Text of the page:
It is a melancholy experience for a professional mathematician to find himself writing about mathematics. The function of a mathematician is to do something, to prove new theorems, to add to mathematics, and not to talk about what he or other mathematicians have done. Statesmen despise publicists, painters despise art-critics, and physiologists, physicists, or mathematicians have usually similar feelings; there is no scorn more profound, or on the whole more justifiable, than that of the men who make for the men who explain. Exposition, criticism, appreciation, is work for second-rate minds.
I can remember arguing this point once in one of the few serious conversations that I ever had with Housman. Housman, in his Leslie Stephen lecture The Name and Nature of Poetry, had denied very emphatically that he was a ‘critic’; but he had denied it in what seemed to me a singularly perverse way, and had expressed an admiration for literary criticism which startled and scandalized me.
He had begun with a quotation from his inaugural lecture, delivered twenty-two years before—
Whether the faculty of literary criticism is the best gift that Heaven has in its treasures, I cannot say; but Heaven seems to think so, for assuredly it is the gift most charily bestowed. Orators and poets..., if rare in comparison with blackberries, are commoner than returns of Halley's comet: literary critics are less common... .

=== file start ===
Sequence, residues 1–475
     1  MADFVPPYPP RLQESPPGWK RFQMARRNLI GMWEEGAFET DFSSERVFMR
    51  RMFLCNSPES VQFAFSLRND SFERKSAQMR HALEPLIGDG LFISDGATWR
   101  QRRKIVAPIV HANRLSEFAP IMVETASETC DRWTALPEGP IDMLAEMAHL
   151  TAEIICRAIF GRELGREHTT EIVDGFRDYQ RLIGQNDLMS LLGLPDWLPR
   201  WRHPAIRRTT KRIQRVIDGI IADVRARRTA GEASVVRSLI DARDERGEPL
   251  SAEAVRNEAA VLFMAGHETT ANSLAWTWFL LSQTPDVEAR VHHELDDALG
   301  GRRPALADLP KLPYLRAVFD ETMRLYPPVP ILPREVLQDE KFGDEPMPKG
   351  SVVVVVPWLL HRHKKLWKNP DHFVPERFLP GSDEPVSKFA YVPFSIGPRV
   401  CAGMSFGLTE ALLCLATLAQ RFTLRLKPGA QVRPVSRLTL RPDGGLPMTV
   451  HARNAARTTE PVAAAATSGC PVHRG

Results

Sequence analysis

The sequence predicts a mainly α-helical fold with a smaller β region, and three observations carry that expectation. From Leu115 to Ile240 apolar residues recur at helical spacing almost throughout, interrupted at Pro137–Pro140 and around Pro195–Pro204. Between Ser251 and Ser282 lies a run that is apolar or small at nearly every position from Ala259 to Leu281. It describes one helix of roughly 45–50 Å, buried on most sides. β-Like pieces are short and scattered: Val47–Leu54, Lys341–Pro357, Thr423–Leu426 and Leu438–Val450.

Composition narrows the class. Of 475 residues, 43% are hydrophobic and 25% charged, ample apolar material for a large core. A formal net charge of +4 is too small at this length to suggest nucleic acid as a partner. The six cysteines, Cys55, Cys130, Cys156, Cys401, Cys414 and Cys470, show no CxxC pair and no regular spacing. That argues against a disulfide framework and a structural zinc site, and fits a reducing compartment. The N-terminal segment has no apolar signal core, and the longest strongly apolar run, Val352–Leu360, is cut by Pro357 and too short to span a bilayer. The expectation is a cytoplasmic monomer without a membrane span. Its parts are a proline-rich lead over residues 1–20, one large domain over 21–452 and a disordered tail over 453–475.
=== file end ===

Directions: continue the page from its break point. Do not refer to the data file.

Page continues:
And he had continued—
In these twenty-two years I have improved in some respects and deteriorated in others, but I have not so much improved as to become a literary critic, nor so much deteriorated as to fancy that I have become one.
It had seemed to me deplorable that a great scholar and a fine poet should write like this, and, finding myself next to him in Hall a few weeks later, I plunged in and said so. Did he really mean what he had said to be taken very seriously? Would the life of the best of critics really have seemed to him comparable with that of a scholar and a poet? We argued these questions all through dinner, and I think that finally he agreed with me. I must not seem to claim a dialectical triumph over a man who can no longer contradict me; but ‘Perhaps not entirely’ was, in the end, his reply to the first question, and ‘Probably no’ to the second.
There may have been some doubt about Housman's feelings, and I do not wish to claim him as on my side; but there is no doubt at all about the feelings of men of science, and I share them fully. If then I find myself writing, not mathematics but ‘about’ mathematics, it is a confession of weakness, for which I may rightly be scorned or pitied by younger and more vigorous mathematicians. I write about mathematics because, like any other mathematician who has passed sixty, I have no longer the freshness of mind, the energy, or the patience to carry on effectively with my proper job.
我记得，在和豪斯曼 1 为数不多的几次认真谈话里，就有一次对这个话题展开过辩论。豪斯曼在他的莱斯利 • 斯蒂芬 2 讲座《诗歌的名与实》上，坚决不承认自己是一个“批评家”。在我看来，他表达的方式很荒谬，其对文学批评表示的赞赏，也让我非常震惊。
1Alfred Edward Housman（1859.03.26—1936.04.30），英国古典文化学者、诗人。
他以 22 年前就职演说中的一段话作为开头：
在这 22 年里，我在某些方面有所进步，不过在另一些方面退步了。但我还没有进步到足以成为一名文学批评家；同样，我也没有退步到幻想自己已经是一名文学批评家。
3本文写于 1940 年，而豪斯曼在 1936 年就去世了。